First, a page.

Updating master boot code

) is one of the several parts of the master boot record.

It performs the first set of important functions in the process of booting.

This MBR code is usually referred to as a boot loader.

Approaches to slightly raise this limit assuming 33-bit arithmetics or 4096-byte sectors are not officially supported as they fatally break compatibility with existing boot loaders and most MBR-compliant operating systems and system tools, and can cause serious data corruption when used outside of narrowly controlled system environments.

A master boot code is used only on primary partitions.

Non-active partitions like those on an external drive that may store data like file backups, for example, don't need to be booted from because they don't contain an operating system and therefore have no reason for a master boot code.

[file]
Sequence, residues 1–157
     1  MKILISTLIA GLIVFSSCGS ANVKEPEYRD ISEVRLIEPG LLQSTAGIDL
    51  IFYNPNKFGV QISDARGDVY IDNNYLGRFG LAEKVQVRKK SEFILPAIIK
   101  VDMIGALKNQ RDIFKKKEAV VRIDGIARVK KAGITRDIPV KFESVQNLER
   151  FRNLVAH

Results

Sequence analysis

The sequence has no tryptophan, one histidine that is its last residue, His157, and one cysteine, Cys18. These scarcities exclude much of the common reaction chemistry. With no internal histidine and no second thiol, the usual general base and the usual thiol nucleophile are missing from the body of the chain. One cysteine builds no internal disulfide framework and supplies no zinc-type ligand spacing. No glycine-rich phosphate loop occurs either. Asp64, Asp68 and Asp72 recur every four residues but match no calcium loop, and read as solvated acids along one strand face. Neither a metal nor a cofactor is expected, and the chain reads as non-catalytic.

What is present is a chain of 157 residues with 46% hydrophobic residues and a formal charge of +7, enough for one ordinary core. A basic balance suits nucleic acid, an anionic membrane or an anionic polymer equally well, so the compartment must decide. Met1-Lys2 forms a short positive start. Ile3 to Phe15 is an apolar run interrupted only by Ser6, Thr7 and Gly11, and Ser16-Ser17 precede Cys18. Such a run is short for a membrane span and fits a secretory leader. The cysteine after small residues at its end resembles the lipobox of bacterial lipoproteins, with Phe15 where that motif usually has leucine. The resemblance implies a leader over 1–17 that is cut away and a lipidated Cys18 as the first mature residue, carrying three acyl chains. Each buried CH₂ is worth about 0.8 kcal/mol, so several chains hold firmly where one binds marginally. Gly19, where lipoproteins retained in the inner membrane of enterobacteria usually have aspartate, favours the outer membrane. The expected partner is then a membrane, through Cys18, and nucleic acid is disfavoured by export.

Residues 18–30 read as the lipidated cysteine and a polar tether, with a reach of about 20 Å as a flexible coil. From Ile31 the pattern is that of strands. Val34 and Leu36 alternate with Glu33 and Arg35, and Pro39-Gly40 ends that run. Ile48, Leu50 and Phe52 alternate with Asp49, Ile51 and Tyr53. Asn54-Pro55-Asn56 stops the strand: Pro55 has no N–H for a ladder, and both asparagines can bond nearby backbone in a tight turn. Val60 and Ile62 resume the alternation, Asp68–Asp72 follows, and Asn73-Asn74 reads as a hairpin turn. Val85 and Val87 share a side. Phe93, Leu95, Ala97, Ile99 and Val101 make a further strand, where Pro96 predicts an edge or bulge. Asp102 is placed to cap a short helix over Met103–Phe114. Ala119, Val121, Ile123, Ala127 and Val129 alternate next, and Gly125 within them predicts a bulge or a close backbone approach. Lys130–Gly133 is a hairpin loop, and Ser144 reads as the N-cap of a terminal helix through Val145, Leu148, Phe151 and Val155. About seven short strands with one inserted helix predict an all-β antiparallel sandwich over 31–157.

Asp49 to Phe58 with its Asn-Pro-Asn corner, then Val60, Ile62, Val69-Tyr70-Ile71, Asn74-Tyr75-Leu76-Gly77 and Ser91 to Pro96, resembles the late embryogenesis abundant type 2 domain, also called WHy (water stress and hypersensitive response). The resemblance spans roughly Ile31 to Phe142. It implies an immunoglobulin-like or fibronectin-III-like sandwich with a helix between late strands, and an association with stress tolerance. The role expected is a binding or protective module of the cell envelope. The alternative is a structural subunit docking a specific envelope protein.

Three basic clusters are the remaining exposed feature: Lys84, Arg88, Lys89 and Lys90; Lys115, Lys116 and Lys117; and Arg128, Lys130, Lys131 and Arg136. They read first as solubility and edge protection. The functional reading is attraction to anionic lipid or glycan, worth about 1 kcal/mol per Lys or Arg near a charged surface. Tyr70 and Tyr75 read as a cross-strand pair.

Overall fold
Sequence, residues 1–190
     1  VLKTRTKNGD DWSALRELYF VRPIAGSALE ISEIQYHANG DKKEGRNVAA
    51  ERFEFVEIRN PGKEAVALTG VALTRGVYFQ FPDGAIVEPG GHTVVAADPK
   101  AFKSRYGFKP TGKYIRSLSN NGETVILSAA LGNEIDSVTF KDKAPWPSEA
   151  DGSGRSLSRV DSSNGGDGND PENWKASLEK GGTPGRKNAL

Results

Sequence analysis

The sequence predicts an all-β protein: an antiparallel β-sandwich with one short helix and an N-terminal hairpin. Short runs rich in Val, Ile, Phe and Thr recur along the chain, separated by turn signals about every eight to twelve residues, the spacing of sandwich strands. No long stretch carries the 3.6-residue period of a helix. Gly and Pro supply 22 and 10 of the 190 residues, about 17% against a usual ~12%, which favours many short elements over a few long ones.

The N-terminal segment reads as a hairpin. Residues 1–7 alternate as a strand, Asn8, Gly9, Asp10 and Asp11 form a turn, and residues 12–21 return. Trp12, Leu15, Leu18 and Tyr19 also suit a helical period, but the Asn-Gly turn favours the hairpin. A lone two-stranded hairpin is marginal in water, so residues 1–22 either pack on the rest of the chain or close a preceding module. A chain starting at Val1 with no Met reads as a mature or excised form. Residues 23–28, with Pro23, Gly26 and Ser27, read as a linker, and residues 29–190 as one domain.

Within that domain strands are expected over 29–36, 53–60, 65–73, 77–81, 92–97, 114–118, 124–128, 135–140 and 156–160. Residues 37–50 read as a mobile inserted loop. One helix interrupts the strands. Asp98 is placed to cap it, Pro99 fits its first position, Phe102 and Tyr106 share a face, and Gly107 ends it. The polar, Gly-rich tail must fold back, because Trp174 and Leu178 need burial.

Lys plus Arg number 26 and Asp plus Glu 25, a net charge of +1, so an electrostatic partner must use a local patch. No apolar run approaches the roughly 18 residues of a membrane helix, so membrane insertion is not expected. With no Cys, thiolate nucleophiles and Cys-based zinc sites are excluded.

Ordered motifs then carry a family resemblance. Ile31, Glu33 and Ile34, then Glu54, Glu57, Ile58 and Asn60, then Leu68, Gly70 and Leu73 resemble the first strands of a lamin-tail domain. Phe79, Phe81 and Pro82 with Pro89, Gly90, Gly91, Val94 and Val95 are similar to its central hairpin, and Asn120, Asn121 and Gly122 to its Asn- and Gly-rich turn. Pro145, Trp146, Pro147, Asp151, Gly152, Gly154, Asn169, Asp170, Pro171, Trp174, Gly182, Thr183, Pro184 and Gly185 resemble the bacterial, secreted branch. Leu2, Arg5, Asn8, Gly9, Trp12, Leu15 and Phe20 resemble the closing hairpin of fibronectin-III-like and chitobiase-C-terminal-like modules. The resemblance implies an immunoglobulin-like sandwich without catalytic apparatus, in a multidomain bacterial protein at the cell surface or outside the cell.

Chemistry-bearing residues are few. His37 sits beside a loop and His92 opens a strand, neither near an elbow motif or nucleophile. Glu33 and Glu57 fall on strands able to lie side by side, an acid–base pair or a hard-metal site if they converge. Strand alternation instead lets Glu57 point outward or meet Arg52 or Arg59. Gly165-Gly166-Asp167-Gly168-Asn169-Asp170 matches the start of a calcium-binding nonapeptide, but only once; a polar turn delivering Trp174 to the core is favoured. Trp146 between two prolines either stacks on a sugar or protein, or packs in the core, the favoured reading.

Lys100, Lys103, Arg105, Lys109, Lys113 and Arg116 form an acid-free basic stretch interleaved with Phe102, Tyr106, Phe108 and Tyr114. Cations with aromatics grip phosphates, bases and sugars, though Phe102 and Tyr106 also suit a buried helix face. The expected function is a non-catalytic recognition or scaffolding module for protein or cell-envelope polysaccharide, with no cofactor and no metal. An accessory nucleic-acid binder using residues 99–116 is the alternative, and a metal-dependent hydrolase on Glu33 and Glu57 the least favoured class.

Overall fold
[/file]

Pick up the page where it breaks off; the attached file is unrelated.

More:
Master boot code errors can happen due to anything from a virus attack that replaces the data with malicious codes, to physical damage to the hard drive.Specifically, in the typical generic master boot record, the master boot code consumes 446 bytes of the total 512-byte master boot record - the remaining space is used by the partition table (64 bytes) and the 2-byte disk signature.Assuming the master boot code is executed properly by BIOS, the master boot code hands off booting control to the volume boot code, part of the volume boot sector, on the partition on the hard drive that contains the operating system.Therefore, the MBR-based partitioning scheme is in the process of being superseded by the GUID Partition Table (GPT) scheme in new computers.A GPT can coexist with an MBR in order to provide some limited form of backward compatibility for older systems.

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